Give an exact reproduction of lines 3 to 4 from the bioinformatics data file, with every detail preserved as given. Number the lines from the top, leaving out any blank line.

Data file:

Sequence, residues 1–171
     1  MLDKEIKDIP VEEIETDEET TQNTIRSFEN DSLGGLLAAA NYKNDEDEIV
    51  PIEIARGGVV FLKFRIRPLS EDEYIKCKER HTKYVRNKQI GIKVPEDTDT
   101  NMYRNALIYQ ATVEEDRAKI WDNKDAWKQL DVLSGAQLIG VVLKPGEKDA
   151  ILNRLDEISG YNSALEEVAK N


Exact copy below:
    51  PIEIARGGVV FLKFRIRPLS EDEYIKCKER HTKYVRNKQI GIKVPEDTDT
   101  NMYRNALIYQ ATVEEDRAKI WDNKDAWKQL DVLSGAQLIG VVLKPGEKDA